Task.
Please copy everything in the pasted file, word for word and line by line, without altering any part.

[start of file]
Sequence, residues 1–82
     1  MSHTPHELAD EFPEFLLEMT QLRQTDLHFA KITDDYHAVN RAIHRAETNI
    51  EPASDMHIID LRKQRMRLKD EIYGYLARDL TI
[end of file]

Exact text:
Sequence, residues 1–82
     1  MSHTPHELAD EFPEFLLEMT QLRQTDLHFA KITDDYHAVN RAIHRAETNI
    51  EPASDMHIID LRKQRMRLKD EIYGYLARDL TI